Though the first official vintage of the Winemakers Research Exchange was 2014, the ideas behind the project had been percolating for years before that. At a time when the Virginia wine industry as a whole was poised to move beyond the basics and explore ways to make truly distinctive, quality wine on the East Coast, winemakers were in need of structured regional resources for how to do this. When attending roundtable discussions, they left with a desire for more concrete comparisons of current and new techniques rather than just sharing successful wines. Demonstrations of products from enological companies were done on fruit from the West Coast, leaving winemakers wondering how these same products might work in Virginia. Academic work was done on a small research scale leaving winemakers wondering if the results would be the same when scaled up to production sized fermentation tanks. Taken together, these questions established a need for practical, production scale experimentation to test the application of techniques, products, and approaches in Virginia wineries on Virginia fruit.
In 2014, a small group of innovating winemakers in the Monticello AVA were given seed funding by the Monticello Wine Trail to put the idea of winery-based experimentation into practice. It wasn’t easy. The first year included working out approaches to experimental design that were scientifically valid with proper controls leading to reliable results while still practical enough to complete in a working winery. Another hurdle was the need for blind, unbiased sensory analysis without weeks of training and thousands of tasting glasses. All of this had to be done on a very small budget. Working with part-time research coordinators Maya Hood White and Scott Dwyer, winemakers worked together to address the issues and find solutions. Despite all of the challenges, 27 experiments were completed by 12 different winemakers in the Monticello AVA in 2014.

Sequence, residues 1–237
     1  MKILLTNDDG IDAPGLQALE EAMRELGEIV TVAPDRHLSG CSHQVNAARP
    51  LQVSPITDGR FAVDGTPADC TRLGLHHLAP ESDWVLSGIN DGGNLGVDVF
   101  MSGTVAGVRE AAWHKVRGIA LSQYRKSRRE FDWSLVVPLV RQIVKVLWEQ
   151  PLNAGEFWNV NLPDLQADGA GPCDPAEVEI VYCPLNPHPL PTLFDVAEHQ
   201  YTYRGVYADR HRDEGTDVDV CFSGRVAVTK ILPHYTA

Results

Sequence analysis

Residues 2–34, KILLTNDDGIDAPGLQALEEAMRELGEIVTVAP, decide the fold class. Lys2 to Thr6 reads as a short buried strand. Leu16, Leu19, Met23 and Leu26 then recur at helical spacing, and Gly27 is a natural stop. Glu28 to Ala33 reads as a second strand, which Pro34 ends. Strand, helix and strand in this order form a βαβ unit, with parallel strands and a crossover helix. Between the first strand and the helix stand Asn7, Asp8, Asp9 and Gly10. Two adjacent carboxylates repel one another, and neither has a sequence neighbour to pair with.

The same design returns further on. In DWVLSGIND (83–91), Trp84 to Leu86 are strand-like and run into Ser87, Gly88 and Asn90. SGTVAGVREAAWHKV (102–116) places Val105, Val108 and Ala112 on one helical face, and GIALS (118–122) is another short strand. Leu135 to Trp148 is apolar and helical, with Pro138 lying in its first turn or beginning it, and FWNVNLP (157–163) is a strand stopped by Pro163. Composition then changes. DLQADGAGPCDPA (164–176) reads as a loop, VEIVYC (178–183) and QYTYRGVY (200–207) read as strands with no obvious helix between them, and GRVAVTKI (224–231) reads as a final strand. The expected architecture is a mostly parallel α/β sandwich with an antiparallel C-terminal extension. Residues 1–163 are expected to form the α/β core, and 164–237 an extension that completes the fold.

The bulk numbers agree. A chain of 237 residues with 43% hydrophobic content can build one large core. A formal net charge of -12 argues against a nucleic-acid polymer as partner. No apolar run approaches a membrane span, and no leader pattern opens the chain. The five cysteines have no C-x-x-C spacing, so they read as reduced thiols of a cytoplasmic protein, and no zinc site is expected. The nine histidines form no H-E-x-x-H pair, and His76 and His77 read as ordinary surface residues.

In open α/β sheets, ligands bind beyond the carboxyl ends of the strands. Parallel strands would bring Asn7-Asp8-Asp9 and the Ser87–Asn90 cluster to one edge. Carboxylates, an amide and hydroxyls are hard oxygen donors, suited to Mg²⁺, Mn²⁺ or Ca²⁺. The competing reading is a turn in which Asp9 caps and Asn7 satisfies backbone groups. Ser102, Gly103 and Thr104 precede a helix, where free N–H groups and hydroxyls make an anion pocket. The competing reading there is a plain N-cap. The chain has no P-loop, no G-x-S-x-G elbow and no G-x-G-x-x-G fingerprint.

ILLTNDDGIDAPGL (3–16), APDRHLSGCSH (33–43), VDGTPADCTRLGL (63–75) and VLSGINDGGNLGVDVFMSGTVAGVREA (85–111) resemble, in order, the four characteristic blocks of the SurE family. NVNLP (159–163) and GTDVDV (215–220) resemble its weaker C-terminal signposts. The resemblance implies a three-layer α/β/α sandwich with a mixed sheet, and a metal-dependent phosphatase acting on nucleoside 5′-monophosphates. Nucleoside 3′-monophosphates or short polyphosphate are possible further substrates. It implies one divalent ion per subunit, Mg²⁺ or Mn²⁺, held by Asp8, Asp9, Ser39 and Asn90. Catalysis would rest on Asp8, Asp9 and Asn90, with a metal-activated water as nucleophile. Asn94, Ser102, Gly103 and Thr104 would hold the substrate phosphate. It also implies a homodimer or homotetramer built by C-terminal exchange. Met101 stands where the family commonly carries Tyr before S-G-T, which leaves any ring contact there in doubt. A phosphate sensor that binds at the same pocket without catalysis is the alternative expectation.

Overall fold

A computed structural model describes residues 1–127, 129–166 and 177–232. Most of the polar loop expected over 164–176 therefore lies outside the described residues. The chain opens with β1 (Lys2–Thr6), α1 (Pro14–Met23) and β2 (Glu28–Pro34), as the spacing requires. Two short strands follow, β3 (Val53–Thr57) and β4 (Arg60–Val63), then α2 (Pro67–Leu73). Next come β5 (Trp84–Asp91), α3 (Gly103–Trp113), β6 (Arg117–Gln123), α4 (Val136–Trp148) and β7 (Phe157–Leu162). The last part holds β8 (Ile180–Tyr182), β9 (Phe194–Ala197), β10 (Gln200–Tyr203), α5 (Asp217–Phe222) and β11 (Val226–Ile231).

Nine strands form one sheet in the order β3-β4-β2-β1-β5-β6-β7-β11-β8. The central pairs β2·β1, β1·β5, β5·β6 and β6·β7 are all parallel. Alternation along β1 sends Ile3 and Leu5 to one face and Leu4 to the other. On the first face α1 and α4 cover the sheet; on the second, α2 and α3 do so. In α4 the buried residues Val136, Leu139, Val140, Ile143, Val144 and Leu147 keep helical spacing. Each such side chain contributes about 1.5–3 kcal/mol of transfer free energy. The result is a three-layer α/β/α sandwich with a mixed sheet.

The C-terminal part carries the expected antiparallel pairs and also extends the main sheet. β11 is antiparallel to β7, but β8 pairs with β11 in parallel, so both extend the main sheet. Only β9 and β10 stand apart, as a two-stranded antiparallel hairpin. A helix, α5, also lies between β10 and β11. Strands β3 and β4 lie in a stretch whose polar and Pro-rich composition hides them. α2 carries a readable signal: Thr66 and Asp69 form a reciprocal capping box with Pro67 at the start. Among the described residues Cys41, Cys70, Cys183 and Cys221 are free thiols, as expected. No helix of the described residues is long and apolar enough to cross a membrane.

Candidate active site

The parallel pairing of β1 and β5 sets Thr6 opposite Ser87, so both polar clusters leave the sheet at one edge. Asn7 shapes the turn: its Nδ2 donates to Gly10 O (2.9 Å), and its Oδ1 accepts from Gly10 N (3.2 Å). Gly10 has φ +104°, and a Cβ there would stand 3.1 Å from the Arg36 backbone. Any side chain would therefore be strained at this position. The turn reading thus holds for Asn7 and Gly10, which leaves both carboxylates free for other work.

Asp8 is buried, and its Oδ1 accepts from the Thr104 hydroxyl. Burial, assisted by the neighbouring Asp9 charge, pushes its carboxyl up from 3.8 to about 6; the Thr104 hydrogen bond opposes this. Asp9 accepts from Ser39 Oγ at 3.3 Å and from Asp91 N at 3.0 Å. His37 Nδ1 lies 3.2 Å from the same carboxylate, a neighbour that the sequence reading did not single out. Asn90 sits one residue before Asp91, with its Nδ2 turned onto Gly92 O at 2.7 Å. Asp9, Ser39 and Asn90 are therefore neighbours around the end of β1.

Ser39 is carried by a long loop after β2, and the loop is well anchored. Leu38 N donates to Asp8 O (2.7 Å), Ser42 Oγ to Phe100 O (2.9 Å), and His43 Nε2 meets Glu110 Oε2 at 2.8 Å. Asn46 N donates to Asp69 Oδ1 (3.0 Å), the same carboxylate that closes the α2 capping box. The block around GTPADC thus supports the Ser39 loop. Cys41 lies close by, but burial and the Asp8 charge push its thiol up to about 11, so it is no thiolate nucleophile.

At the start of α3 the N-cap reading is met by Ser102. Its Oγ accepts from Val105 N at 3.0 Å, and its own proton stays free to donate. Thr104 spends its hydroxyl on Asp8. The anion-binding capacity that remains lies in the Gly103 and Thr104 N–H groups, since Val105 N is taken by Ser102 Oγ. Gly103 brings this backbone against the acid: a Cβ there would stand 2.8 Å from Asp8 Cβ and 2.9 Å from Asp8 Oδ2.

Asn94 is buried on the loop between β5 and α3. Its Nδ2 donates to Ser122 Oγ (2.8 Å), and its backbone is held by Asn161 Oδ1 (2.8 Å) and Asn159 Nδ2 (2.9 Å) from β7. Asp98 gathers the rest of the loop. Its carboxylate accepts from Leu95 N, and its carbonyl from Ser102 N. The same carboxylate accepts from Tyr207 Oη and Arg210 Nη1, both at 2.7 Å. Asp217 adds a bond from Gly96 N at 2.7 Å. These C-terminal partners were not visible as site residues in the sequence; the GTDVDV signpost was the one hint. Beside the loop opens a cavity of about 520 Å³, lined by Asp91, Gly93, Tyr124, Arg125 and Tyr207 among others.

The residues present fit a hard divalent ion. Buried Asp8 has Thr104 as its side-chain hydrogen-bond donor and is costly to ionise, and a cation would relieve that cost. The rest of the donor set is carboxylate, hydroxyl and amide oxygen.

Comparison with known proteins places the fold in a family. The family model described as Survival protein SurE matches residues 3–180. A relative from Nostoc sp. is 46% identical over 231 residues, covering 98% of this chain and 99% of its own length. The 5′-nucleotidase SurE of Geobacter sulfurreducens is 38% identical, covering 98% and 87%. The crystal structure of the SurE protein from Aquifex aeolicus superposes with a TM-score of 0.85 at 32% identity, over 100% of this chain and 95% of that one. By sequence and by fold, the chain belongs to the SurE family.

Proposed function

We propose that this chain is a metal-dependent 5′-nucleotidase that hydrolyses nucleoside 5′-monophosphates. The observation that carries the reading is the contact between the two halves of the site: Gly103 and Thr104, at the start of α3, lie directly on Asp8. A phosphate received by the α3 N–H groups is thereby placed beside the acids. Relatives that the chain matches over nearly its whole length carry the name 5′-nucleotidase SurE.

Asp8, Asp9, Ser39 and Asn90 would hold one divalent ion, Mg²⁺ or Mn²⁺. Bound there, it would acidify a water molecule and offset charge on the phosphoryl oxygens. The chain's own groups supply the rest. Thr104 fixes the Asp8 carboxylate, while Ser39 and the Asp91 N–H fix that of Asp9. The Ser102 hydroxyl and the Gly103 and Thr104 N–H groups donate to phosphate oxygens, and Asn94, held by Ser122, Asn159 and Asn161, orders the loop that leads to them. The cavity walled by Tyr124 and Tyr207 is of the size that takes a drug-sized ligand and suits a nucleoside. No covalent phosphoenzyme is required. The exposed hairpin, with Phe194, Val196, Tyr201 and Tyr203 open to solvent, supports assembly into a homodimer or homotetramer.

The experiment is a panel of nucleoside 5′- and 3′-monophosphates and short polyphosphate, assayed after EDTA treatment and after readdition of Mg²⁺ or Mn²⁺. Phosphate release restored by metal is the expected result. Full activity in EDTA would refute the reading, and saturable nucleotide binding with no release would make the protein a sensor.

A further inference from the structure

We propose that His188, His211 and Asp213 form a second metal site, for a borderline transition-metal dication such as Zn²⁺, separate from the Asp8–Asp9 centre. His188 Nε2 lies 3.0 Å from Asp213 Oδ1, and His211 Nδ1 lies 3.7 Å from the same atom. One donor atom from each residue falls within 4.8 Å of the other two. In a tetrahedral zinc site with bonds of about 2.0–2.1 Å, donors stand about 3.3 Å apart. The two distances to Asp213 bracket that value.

After a year of working out the details, the WRE first received funding from the Virginia Wine Board to continue its work in 2015. Recognizing the potential impact of practical experimentation on the further development of the Virginia wine industry as a whole, the Virginia Wine Board offered funding for the WREto expand their efforts statewide in 2016 , becoming the Virginia Winemakers Research Exchange (VWRE) at this time. This expansion in scope led to the hiring of the first full time staff, Michael Attansi, as well as the identification of regional directors to explain the idea and recruit participants from all over the state. Since 2016, it has been the mission of the VWRE to include participants from all winegrowing regions of the commonwealth and include experiments addressing issues that are of concern in each region.